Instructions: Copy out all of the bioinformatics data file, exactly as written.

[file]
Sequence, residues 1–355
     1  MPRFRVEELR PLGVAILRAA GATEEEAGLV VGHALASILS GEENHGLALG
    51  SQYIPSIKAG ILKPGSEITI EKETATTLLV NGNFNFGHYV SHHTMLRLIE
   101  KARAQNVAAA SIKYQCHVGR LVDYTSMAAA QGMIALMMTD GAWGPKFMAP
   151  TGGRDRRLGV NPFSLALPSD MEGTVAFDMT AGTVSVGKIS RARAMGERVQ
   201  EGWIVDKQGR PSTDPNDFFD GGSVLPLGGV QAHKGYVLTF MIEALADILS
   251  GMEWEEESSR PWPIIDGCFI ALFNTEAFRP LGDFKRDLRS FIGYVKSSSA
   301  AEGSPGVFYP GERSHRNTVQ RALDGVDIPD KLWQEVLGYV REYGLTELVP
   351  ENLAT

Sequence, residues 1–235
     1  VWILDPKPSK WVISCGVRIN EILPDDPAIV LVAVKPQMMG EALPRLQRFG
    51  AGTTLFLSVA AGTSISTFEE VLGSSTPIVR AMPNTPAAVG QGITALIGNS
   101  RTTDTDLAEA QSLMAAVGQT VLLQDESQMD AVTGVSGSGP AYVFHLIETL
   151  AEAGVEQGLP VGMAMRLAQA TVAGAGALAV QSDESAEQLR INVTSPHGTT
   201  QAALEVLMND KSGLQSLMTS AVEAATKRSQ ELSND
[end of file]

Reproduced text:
Sequence, residues 1–355
     1  MPRFRVEELR PLGVAILRAA GATEEEAGLV VGHALASILS GEENHGLALG
    51  SQYIPSIKAG ILKPGSEITI EKETATTLLV NGNFNFGHYV SHHTMLRLIE
   101  KARAQNVAAA SIKYQCHVGR LVDYTSMAAA QGMIALMMTD GAWGPKFMAP
   151  TGGRDRRLGV NPFSLALPSD MEGTVAFDMT AGTVSVGKIS RARAMGERVQ
   201  EGWIVDKQGR PSTDPNDFFD GGSVLPLGGV QAHKGYVLTF MIEALADILS
   251  GMEWEEESSR PWPIIDGCFI ALFNTEAFRP LGDFKRDLRS FIGYVKSSSA
   301  AEGSPGVFYP GERSHRNTVQ RALDGVDIPD KLWQEVLGYV REYGLTELVP
   351  ENLAT

Sequence, residues 1–235
     1  VWILDPKPSK WVISCGVRIN EILPDDPAIV LVAVKPQMMG EALPRLQRFG
    51  AGTTLFLSVA AGTSISTFEE VLGSSTPIVR AMPNTPAAVG QGITALIGNS
   101  RTTDTDLAEA QSLMAAVGQT VLLQDESQMD AVTGVSGSGP AYVFHLIETL
   151  AEAGVEQGLP VGMAMRLAQA TVAGAGALAV QSDESAEQLR INVTSPHGTT
   201  QAALEVLMND KSGLQSLMTS AVEAATKRSQ ELSND